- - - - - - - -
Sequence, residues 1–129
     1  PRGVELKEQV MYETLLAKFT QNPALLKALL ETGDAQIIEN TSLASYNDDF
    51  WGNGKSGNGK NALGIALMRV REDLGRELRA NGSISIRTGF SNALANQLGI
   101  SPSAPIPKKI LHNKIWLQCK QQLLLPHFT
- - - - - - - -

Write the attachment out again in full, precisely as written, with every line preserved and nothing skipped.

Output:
Sequence, residues 1–129
     1  PRGVELKEQV MYETLLAKFT QNPALLKALL ETGDAQIIEN TSLASYNDDF
    51  WGNGKSGNGK NALGIALMRV REDLGRELRA NGSISIRTGF SNALANQLGI
   101  SPSAPIPKKI LHNKIWLQCK QQLLLPHFT